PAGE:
* Upper-Intermediate (1, 2, 3)
* Advanced (1, 2, 3)

Hızlandırılmış kurda haftada üç gün, günde dört saat ders işleniyor ve her ay bir seviye geçiliyor.
Öncelikle gramer öğreniliyor, daha sonra kelime ve deyim (look after, look at, look forward vb.) dağarcığı genişletiliyor. Yazıları okurken birşeyin deyim olduğunu anlamak zor. Deyim olduğunu fark edince ona göre sözlükte arama yapmak mümkün.

Zaman zaman "herşeyi unuttum, öğrenemiiciiim!" paniği yaşanabiliyor. Tavsiyeler: Alıştırma kitabı edinin, kitap okuyun, öğretmeni yönlendirin, alıştırma yapmasını sağlayın, geyiğe sarmasını engelleyin.

Sınıfın durumu çok önemli. Eğer sınıfın en iyilerindenseniz kur atlamanız faydalı olur. Öğretmen sınıfın ortalamasına göre ders işleyeceğinden istediğiniz hızda ilerleyemezsiniz. Sonuçta 15 kurlu bir sistemde bir kur atlamak muazzam sıkıntılar doğurmaz, bir miktar ek çalışma ile adapte olunabilir.

Gelişmeleri not edin (blog). Böylece hem ne kadar ilerlediğinizi, nerelerde zorlandığınızı görür, hem de ingilizce öğreneceklerin başvurabileceği pratik bir kaynak hazırlamış olursunuz.

Elementary 3 sonrasında simple English wikipedia’da Einstein yazısını okuyup anlayabiliyor. İngilizce-ingilizce sözlüğe geçiliyor.

İngilizce kursunu bırakmadan önce mutlaka KPDS gibi geçerliliği olan bir sınavla durumunuzu belirleyin. KPDS sonucunu ömrünüz boyunca CV’nize yazabilirsiniz.

Saturday, January 12, 2008

What could go wrong?

Why crunch mode doesn't work:

"Managers decide to crunch because they want to be able to tell their bosses 'I did everything I could' "

"I think the reason there is this optimism, and ignoring what "could" go wrong - because if we did add it all up, the risk and cost would pretty much freak everybody out and nothing could get done. Its more a case of people ignoring the risks and hoping it works out.

Its not just software either. Ask anyone who has built a house, renovated, built a bridge, a building etc."

What could possibly go wrong:

"I (now) use a rule of thumb when I approach a new project or design problem: I try to think of ten things that could go wrong before I start. If I can’t think of ten things that could go wrong, I haven’t thought enough.

First, I look for “lack of” areas where the team doesn’t have experience, knowledge, or information. Then I look for areas where we’re dependent on someone else to provide something—areas where the project team doesn’t have control of a needed component. I look for areas where not all the key players are in agreement. And I look for areas where there’s not enough time to finish a component—or finish with desired quality. These questions help me identify natural areas of risk."

The logic of the 40 hour week

An extremely interesting piece of business thinking from 1926, Henry Ford, Why I favor five days' work with six days' pay:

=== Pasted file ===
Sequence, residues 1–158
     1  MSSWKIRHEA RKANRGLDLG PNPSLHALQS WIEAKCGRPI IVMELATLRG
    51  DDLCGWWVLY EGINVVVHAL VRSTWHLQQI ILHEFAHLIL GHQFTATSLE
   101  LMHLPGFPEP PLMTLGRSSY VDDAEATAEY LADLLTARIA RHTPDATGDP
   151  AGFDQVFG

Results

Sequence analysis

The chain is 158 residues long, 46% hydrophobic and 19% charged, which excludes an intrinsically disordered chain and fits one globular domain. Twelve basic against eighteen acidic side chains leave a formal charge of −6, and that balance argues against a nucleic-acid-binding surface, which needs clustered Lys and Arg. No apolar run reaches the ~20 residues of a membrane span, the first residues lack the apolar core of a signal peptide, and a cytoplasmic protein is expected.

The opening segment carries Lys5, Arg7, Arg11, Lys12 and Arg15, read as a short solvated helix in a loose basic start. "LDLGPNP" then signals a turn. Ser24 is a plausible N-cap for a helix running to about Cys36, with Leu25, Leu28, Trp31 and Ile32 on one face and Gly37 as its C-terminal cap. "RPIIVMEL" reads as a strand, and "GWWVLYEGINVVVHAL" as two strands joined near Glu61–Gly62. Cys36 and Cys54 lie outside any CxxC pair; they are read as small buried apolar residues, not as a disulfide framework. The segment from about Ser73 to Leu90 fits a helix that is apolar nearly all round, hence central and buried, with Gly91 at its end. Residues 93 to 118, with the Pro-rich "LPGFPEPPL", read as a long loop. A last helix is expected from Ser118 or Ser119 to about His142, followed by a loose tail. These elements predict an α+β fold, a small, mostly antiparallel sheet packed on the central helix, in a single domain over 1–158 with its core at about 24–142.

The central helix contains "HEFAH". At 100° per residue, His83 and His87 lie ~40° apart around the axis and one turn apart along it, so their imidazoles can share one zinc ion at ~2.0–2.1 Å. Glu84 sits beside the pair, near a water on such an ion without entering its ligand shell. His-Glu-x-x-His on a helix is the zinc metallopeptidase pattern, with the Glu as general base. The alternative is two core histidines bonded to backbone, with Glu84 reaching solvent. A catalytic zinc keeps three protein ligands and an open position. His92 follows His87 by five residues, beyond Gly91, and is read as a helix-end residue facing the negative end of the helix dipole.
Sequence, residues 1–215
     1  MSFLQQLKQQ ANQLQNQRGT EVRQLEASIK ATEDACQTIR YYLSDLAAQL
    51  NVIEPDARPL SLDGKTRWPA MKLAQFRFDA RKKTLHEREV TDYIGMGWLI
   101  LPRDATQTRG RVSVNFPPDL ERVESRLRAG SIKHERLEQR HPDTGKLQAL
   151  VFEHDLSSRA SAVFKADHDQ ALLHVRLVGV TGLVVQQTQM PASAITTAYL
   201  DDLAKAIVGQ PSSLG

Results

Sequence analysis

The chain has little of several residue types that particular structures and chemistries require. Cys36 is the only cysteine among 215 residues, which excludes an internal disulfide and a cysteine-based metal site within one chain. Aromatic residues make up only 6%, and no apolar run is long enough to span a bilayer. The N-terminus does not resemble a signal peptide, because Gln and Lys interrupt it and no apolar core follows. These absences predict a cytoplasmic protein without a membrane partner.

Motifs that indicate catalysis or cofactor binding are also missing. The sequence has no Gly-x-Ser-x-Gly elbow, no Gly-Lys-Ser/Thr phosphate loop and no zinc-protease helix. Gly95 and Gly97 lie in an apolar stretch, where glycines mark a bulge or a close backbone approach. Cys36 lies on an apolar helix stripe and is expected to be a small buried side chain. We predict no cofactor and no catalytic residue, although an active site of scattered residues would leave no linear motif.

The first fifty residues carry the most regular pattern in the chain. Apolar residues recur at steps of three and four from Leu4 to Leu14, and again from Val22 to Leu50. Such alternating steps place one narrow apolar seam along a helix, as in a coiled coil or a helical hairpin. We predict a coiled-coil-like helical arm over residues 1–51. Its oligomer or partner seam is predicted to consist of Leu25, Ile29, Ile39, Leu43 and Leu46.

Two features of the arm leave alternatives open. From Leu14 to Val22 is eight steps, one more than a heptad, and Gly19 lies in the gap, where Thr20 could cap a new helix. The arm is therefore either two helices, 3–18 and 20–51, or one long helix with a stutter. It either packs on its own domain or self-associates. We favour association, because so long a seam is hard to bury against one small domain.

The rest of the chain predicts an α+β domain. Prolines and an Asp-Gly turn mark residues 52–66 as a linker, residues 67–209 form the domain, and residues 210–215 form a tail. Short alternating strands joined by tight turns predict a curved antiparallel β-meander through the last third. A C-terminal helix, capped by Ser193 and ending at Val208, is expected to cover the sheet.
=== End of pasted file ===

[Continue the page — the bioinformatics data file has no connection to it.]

"...it is the influence of leisure on consumption which makes the short day and, the short week so necessary. The people who consume the bulk of goods are the people who make them. That is a fact we must never forget -- that is the secret of our prosperity."

"Where people work longest and with least leisure, they buy the fewest goods. No towns were so poor as those of England where the people, from children up, worked fifteen and sixteen hours a day. They were poor because these overworked people soon wore out -- they became less and less valuable as workers. Therefore, they earned less and less and could buy less and less."

"Business is the exchange of goods. Goods are bought only as they meet needs. Needs are filled only as they are felt. They make themselves felt largely in leisure hours. The man who worked fifteen and sixteen hours a day desired only a comer to be in and a hunk of food. He had no time to cultivate new needs. No industry could ever be built up by filling his needs, because he had none but the most primitive."

"It is the intersection of power and machinery in the hands of management which has made the shorter day and the shorter week possible."

Kaukasische Novellen

Grigol Robakidse, Kaukasische Novellen, Der Imam Schamyl:

"Schamyl stand wie ein Fels. Rausch hüllte ihn ganz ein. Seine Augen spürten Flammen. Plötzlich trafen sie gerade in die Augen eines Pferdes. Mensch und Tier lockten einander in diesem Blick. Schamyl ertrug die Ruhe nicht mehr. Er sprang die Stufen der Moschee hinunter zu dem Pferde, schwang sich wild hinauf und raste davon.
...
Der Imam beschwor das Schicksal. Reiter und Pferd wurden eins wie ein Zentaur. Ein Satz; grauenvoll, wie nicht von dieser Welt. Die Naiben erstarrten am Hang mit ihren Pferden. Drüben am Rand der Schlucht hielt der Zentaur aufrecht und unversehrt. Aus seinem Antlitz traten den Naiben die furchtbaren Züge des Tiergottes hervor.

Hell aufschreiend jagten sie ihm nach: "La illah il Allah!""

Turkish Surprise

An extremely bitter article relevant to a few years ago: Turkish surprise:

"As the world turned its gaze toward Turkey, expecting what was thought to be inevitable, the Turkish people shook the floor of the global stage and gave a resounding message of hope to the wretched. We have seen there are still things in life worth a sacrifice. Turkey, a nation whose economy is in dire straits and which faces social upheaval, preserved its dignity.
...
How sad to see Turkey suffering for people who refuse to help themselves and to know that Turkey will pay a higher price — while the Arabs refuse to pay a much lower one — to save their Iraqi brothers.
...